Frederick Langenheim Looking at Talbotypes

Photography Studio W. & F. Langenheim American
William Langenheim American, born Germany
Frederick Langenheim American, born Germany

Not on view

In 1849 the Langenheim brothers bought the United States patent for making photographs from paper negatives from William Henry Fox Talbot, the medium's inventor. The Langenheims also continued to produce daguerreotypes, such as this brilliant composition in which Frederick examines a group of Talbotype portraits-including his own-that may themselves be copies of daguerreotypes. In other words, this image presents three distinct subjects: Frederick Langenheim, photography itself, and the very process of reproduction. Using the nonreproducible daguerreotype process to make a picture about reproduction may seem paradoxical, but the incomparable detail seen here, from the visible writing on the mounts of the paper prints to the finely woven pattern in Frederick's silk vest, would have been impossible to capture with a paper negative.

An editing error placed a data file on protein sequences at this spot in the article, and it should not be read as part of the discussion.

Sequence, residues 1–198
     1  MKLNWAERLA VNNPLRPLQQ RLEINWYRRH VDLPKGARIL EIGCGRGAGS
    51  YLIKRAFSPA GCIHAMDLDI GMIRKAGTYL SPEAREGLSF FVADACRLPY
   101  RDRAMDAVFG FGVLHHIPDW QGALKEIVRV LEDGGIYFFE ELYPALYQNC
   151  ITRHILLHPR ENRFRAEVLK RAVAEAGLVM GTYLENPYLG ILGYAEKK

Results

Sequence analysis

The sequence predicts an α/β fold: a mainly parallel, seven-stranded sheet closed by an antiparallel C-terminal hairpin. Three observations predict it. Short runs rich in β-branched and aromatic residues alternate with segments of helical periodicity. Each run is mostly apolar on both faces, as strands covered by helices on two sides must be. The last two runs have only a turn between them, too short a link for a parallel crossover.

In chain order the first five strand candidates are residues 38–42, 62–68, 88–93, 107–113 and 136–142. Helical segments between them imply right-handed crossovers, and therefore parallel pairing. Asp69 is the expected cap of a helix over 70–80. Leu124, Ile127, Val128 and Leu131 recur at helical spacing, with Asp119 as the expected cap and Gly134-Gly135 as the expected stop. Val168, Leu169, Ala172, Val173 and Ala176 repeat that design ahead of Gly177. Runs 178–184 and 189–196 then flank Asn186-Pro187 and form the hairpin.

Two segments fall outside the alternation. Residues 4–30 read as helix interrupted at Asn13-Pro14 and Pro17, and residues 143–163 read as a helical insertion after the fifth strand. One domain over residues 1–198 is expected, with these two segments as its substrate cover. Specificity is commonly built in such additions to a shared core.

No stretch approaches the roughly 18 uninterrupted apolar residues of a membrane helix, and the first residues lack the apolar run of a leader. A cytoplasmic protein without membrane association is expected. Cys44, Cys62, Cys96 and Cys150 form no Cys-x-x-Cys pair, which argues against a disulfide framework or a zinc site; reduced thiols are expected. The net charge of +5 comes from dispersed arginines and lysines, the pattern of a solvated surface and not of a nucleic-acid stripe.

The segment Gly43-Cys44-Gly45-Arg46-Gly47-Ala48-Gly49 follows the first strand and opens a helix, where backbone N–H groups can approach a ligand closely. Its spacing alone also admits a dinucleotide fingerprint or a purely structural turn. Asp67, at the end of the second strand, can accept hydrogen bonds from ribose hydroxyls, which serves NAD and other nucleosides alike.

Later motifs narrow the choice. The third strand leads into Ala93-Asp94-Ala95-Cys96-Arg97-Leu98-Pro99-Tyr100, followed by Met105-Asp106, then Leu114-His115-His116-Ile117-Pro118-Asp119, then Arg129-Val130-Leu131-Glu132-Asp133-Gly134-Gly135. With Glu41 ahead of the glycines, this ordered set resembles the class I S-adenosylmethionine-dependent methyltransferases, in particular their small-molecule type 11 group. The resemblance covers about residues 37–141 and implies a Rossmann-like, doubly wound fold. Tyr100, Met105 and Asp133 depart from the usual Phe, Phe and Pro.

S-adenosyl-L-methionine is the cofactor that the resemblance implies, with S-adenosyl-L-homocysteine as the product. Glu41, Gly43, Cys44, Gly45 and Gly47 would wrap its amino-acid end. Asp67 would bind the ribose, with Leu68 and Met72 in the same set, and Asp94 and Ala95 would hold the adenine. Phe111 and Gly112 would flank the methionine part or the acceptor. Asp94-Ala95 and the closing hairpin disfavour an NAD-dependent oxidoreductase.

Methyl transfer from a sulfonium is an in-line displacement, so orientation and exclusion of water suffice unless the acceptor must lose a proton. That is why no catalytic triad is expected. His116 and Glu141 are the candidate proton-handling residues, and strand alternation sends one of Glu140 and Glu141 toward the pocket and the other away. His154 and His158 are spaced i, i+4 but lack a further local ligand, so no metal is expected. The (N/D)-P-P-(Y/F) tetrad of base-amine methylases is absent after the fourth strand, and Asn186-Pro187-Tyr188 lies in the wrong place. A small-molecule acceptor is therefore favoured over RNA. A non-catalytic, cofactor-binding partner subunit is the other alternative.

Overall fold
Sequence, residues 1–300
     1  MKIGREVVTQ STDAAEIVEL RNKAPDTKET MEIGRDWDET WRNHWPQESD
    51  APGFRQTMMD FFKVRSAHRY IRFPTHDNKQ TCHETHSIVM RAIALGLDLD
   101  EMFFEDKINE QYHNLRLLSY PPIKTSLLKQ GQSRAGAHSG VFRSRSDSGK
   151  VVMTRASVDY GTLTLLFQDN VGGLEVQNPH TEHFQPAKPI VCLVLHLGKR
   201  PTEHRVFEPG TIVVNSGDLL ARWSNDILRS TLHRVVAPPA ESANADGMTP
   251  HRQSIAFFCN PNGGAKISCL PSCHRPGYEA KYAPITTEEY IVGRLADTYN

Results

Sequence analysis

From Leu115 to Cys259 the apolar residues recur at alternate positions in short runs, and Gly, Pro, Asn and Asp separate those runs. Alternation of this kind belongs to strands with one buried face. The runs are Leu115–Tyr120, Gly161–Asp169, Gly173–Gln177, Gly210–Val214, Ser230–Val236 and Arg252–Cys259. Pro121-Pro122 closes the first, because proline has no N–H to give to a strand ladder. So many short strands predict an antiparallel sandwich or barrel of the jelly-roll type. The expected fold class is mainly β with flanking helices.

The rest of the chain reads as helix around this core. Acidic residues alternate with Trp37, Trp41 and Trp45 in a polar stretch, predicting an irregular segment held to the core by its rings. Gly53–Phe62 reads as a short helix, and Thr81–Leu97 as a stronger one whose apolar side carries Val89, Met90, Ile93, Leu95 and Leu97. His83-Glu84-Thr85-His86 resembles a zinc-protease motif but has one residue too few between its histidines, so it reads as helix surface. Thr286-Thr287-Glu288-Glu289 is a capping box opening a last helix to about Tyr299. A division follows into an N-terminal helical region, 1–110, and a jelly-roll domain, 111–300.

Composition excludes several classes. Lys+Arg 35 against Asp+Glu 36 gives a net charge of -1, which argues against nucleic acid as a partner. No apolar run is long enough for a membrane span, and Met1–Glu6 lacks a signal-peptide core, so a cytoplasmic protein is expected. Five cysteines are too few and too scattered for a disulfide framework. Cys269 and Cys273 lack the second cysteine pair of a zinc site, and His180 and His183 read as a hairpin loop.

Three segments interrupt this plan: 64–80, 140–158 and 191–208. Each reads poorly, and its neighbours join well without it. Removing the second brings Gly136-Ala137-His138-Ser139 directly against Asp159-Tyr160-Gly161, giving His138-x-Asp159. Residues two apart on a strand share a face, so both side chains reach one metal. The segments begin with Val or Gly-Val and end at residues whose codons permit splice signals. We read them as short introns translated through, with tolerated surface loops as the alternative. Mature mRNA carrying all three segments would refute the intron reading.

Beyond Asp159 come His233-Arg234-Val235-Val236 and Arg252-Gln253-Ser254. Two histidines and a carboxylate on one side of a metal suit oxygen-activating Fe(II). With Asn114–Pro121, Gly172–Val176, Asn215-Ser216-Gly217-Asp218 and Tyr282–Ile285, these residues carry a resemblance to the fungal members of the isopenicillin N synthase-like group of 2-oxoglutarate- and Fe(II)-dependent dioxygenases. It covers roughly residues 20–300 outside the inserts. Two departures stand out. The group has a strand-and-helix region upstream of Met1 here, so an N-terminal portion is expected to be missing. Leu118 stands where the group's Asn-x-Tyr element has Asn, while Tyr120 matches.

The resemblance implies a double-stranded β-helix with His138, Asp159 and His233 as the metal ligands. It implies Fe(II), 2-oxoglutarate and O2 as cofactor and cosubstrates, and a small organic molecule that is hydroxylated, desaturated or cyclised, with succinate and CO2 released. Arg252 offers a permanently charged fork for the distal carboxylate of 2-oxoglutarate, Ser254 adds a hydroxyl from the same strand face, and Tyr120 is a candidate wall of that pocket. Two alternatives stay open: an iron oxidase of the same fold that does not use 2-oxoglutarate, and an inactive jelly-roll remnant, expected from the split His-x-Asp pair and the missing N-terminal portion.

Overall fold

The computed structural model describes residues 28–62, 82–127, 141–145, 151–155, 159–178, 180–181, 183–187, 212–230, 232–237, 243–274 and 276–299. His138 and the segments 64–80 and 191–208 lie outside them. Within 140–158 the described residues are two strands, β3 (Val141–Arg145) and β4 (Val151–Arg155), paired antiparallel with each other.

#5501. Frederick Langenheim Looking at Talbotypes

Frederick Langenheim Looking at Talbotypes, W. & F. Langenheim (American, active 1843–1874), Daguerreotype

Due to rights restrictions, this image cannot be enlarged, viewed at full screen, or downloaded.

Open Access

As part of the Met's Open Access policy, you can freely copy, modify and distribute this image, even for commercial purposes.


Public domain data for this object can also be accessed using the Met's Open Access API.